Plateau filling station owners ignore Jonathan, sell petrol above N100/litre

Motorists resort to purchasing fuel outside the state capital.

One week after President Goodluck Jonathan said he was unaware that filling stations in Nigeria were selling petrol above the approved pump price, and pledged to investigate such claims, many stations in Jos, Plateau State, appear unperturbed with the president’s statement.

Mr. Jonathan had said during the Presidential Media Chat on May 4 that he was not aware that many filling stations were selling above the subsidised price.

Checks by PREMIUM TIMES on Monday around Jos, the Plateau capital, show that as the petrol scarcity bites harder, majority of the stations that have the product sell above the approved pump price of N97 per litre.

At Tayan filling station on Bukuru expressway, though the metre read N97, motorists were made to pay N125 per litre of petrol.

On the same route, Diptdat filling station, which is about 300 metres from Tayan filling station, also sold at N120, although its metre read N97.

A filling station that has the inscription ‘NNPC Mega Station’, located beside building materials market, by Air force girls school, also sold petrol for N110 per litre, motorists said.

Basaco filling station along Yakubu Gowon way sold petrol at N130. A regular customer said the pump price was reduced from N135 a week ago.

An Oando filling station located along Tudunwa/Domkat Bali road dispensed petrol at N120. The station still had a long queue with motorists saying the meter at the station was better than most others who sell at the same rate.

Another Oando filling station at Zaria road, before the Faringada roundabout, also sold petrol at N120 per litre

Aluma oil filling station, located along Vom Junction, also sold petrol at N120.

Many other filling stations simply did not sell the product; while the ones that sold above the pump price still displayed the official pump price, apparently to deceive regulators.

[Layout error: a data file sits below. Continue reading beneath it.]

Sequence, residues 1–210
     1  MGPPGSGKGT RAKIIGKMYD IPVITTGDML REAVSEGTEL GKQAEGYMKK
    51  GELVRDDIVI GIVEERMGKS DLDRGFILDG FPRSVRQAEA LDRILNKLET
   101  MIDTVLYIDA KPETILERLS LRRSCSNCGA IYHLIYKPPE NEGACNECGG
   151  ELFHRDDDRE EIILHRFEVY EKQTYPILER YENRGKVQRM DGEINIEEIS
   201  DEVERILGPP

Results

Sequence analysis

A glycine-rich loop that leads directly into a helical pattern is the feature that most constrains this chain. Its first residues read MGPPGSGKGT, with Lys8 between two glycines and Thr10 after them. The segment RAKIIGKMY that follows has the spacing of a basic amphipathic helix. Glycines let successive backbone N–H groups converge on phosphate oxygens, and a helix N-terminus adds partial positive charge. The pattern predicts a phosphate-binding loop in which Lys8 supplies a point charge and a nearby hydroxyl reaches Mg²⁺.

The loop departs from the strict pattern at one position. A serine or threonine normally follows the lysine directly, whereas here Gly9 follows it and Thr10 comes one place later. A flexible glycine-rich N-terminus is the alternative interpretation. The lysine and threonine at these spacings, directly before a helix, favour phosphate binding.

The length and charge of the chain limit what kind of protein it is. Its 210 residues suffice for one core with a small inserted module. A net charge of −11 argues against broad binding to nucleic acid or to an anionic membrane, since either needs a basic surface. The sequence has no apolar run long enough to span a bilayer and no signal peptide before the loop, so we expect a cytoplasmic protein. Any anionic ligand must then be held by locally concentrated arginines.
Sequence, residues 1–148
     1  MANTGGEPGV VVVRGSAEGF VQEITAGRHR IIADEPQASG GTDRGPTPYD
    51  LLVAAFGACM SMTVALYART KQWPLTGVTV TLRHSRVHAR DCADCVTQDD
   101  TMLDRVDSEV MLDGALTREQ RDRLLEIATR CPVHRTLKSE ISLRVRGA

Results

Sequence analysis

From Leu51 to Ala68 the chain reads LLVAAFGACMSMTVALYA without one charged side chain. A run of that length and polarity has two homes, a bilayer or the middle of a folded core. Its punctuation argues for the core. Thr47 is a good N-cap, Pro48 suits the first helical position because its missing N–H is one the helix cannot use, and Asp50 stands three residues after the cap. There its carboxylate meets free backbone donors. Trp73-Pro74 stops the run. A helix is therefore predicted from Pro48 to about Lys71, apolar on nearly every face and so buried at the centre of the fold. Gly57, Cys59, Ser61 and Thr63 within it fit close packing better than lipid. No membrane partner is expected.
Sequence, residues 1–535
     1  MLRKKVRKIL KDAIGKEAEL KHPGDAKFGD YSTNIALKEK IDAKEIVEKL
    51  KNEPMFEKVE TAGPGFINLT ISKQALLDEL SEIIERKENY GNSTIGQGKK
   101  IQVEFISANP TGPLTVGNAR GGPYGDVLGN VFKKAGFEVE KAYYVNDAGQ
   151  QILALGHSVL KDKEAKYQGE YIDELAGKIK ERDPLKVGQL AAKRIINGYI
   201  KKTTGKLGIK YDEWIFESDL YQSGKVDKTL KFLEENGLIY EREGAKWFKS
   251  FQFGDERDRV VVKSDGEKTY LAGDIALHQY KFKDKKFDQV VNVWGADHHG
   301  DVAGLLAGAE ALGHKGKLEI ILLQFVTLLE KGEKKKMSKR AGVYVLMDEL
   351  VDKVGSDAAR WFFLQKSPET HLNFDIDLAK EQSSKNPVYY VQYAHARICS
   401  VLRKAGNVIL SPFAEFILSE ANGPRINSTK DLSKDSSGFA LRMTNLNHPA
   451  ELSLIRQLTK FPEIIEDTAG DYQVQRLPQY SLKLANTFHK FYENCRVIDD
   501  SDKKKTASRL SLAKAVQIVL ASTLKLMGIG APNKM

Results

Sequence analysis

Motorists, who did not want to join the queue at the stations, bought petrol from black marketers who sold at N160 per litre.
On Monday, PREMIUM TIMES observed long queues at the only NNPC fuel station in Jos. The filling station was the only one found selling petrol at the official price of N97 per litre.

The queues at the NNPC filling station extended to a distance of about 500 metres with black marketers beside the filling station selling petrol to those who could not withstand the queues.

Commercial drivers in Jos lamented the hardship caused by the inadequate petrol supply in the state.

A motorist, Davou Pam, attributed the fuel scarcity to sabotage.

“The fuel scarcity in Jos is biting harder because our marketers are diverting the one meant for the state to other neighbouring states.

“Just go to any part of Nasarawa State or even Bauchi, which is the closest to us, or any part of Kaduna state, the highest you can buy fuel at black market price will be between 100 and 110 Naira per litre,” Mr. Pam said.

An inter-state bus driver, Chidi Abanacha, said he does not by fuel in Jos, due to the hick in price.

“As a young businessman who is just coming up, if I buy fuel here I Jos, I will not meet up with my target.

“So, each time I travel out of Jos, I fill my tank for the next journey at government approved price of 97 Naira per litre,” he said.

The driver added that “what is surprising about the scarcity here in Jos, is that, you see tankers entering into Jos everyday with petrol, but you hardly find it available at filling stations at government approved price of 97 Naira per litre. You can imagine motorist queuing
up at filling stations to buy fuel at 120 Naira per litre.”

A driver of a private elementary school in Jos, who asked not to be named, said he could not pick pupils to school on Monday due to non availability of petrol in the school bus.

“I have been on queue for fuel since Sunday, but till today (Monday) I have not gotten fuel. This is a school bus; I have to present receipts of every purchase.

“My employers set a particular sum for fuel every week, so if I buy beyond the rate I was directed, I may have to pay from my pocket or lose my job. So I must struggle to get fuel at official price of 97 Naira.”

Officials at the filling stations visited declined comment. However, the owner of one of the stations, who asked not to be named, told PREMIUM TIMES that they sell above the approved price because they also buy from major marketer.

“The major marketers are to blame,” he said, saying they sometimes buy from the major petrol marketers at a price as high as N100 per litre.

The fuel scarcity in Plateau state has subjected many motorists, particularly civil servants, who say they are being owed two months salaries, to keeping their cars off the road and joining commercial vehicles to work.


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